candidate, Foreign Economic Relations Minister Davlat Usmon,

    as a candidate for the 6 November presidential elections. LF


    [B] SOUTHEASTERN EUROPE

    [13] DRASKOVIC SAYS HE SURVIVED ASSASSINATION ATTEMPT

    Serbian

    opposition leader Vuk Draskovic said that a road accident

    that he survived on 3 October was "an obvious assassination

    attempt," the Serbian dailies "Glas" and "Blic" reported.

    Draskovic said it was a "pure miracle" that he sustained only

    slight injuries in that accident, in which a truck from the

    oncoming traffic suddenly swerved into Draskovic's car.

    Draskovic's aide and brother-in-law, Veselin Boskovic, was

    killed. A second car carrying two of Draskovic's bodyguards

    and his security adviser, Zvonko Osmajlic, drove under the

    truck and exploded into flames. A third car carrying

    Draskovic's wife managed to avoid the accident. The incident

    took place about 40 kilometers southwest of Belgrade, near

    the village of Petka. The driver of the truck reportedly fled

    the scene, and witnesses said the truck did not brake.

    Draskovic is the leader of the Serbian Renewal Movement and

    served in the government of Yugoslav President Slobodan

    Milosevic earlier this year. He has refused to take part in

    opposition rallies, saying they are ineffective, and instead

    has called for early elections. PB

    [14] OPPOSITION PROTESTS IN BELGRADE, OTHER CITIES CONTINUE

    Opposition protests organized by the Alliance for Change

    (SZP) continued, with some 15,000 people marching in Belgrade

    on 3 October, Reuters reported. Similar-sized marches were

    held the previous two days--all without any clashes with riot

    police, who blocked and altered the march routes on all those

    days. Zoran Djindjic, a leader of the SZP, said the

    government will provoke violence using its own agents in

    order to have a pretext to crack down on demonstrators. He

    said such "troublemakers" have been spotted marching with the

    protesters. Large rallies of up to 10,000 people were held in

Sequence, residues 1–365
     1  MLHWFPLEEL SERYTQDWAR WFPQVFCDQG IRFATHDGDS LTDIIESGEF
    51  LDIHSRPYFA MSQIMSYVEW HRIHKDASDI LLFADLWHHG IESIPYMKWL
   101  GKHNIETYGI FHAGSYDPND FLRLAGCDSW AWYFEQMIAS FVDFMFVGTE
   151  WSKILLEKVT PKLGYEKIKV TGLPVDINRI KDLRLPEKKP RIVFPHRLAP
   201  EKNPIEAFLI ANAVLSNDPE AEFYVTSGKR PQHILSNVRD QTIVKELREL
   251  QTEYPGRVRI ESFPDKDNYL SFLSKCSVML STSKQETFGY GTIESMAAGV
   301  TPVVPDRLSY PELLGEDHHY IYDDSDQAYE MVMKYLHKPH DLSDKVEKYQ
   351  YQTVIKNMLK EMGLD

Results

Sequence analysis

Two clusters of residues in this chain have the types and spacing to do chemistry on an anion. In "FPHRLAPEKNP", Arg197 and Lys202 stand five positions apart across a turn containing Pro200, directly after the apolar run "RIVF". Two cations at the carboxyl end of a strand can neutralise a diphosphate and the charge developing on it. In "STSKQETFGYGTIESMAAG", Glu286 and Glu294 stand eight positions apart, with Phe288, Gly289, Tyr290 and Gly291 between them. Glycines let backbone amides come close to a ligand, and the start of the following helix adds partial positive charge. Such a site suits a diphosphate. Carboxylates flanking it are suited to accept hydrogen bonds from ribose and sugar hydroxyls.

Nis and Novi Sad on 1-3 October. Various other protests took

    place in more than a dozen smaller towns, although a march in

    Canak was called off on 2 October owing to a strong police

    presence, the Belgrade-based Beta news agency reported.

    Nikola Djurickovic, an opposition leader who was arrested

    last week, was released from prison on 2 October. PB

    [15] SERBIAN ACADEMICIANS CALL FOR NEW GOVERNMENT

    Forty-five

    members of the Serbian Academy of Arts and Sciences signed a

    letter on 2 October demanding the resignation of the Serbian

    and Yugoslav governments, Radio B2-92 reported. Ljubomir

    Simovic said that the letter calls for new governments to

    lead the "people and the country...out of this abyss and

    embark on the road of recovery and return to the modern

    world." In other news, Radio B2-92 reported that the Belgrade

    daily "Glas javnosti," which was shut down last week, will

    resume publishing again on 4 October after Serbian

    authorities unsealed the newspaper's offices. PB

    [16] THACI: BELGRADE WILL NEVER HAVE A SAY IN KOSOVA

    Kosovar

    Albanian leader Hashim Thaci said on 3 October that "Belgrade

    will never again make decisions about Kosova," AP reported.

    Thaci, speaking to some 2,000 ethnic Albanians in the town of

    Gjilan, said "we will never again allow anyone outside of

    Kosova to decide about Kosova." Hydajet Hyseni, a former

    Kosova Liberation Army (UCK) officer, told the crowd that

    Kosova will be a "part of Europe...and with a defense force

    like everywhere else in Europe." Thaci said earlier that day

    that a military academy will be set up in Kosova to train

    officers for a future army of Kosova. He added that that the

    former UCK has agreed to set up a political party with the

    Party of Democratic Unity. The name of that party will be

    made public soon, he added. PB

    [17] CLARK SAYS NATO HAS NO DATE FOR WITHDRAWING FROM BOSNIA,

    KOSOVA

    NATO's Supreme Commander in Europe General Wesley

    Clark said on 1 October that the alliance has not set a date

    for withdrawing from either Bosnia-Herzegovina or Kosova, AP

    reported. Clark said NATO has a "strategy for success" in the

    Balkans and will continue to work to bring stability and

    peace to the region. Clark said he is satisfied with the

    UCK's compliance in demilitarizing. NATO has some 30,000

    peacekeeping troops in Bosnia and nearly 50,000 in Kosova. PB

    [18] TOWN IN KOSOVA UNDER BLOCKADE

    NATO peacekeeping troops in

    Kosova (KFOR) continue to maintain a "total blockade" on the

    mainly Serbian town of Kosova Polje and the surrounding area,

    Beta reported on 3 October. Large groups of Serbs and ethnic

    Albanians are maintaining barricades on a road leading to the

    town and are only a few hundred meters away from each other.

    A grenade attack on an outdoor market in Kosova Polje killed

    two and left dozens injured (see "RFE/RL Newsline," 29

    September 1999). KFOR troops are not allowing anyone to leave

    or enter the area except for journalists. Ethnic Albanians

    briefly set up a roadblock on the railroad line leading into

    the town. Around Kosova, three Serbs were reported killed: an

    elderly couple shot dead in their home near Prizren and a man